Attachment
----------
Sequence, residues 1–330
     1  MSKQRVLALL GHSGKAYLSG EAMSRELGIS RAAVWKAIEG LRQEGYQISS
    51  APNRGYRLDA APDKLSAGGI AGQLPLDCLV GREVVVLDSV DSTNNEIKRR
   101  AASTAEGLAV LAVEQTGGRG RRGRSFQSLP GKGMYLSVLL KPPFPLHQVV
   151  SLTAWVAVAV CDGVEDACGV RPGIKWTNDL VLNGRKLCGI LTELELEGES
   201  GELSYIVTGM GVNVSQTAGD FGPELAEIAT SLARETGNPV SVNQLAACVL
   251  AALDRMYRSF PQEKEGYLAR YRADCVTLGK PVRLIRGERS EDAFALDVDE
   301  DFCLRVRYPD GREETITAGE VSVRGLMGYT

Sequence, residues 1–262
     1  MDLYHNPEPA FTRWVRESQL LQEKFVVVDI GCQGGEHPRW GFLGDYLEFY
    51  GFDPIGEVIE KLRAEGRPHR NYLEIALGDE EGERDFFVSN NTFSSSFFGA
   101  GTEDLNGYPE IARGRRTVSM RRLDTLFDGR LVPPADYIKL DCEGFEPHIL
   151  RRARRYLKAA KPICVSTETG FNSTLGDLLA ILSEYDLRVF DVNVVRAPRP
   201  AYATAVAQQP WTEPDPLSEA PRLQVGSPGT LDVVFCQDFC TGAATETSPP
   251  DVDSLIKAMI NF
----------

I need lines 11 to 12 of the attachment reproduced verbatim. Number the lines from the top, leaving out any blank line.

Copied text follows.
    51  GFDPIGEVIE KLRAEGRPHR NYLEIALGDE EGERDFFVSN NTFSSSFFGA
   101  GTEDLNGYPE IARGRRTVSM RRLDTLFDGR LVPPADYIKL DCEGFEPHIL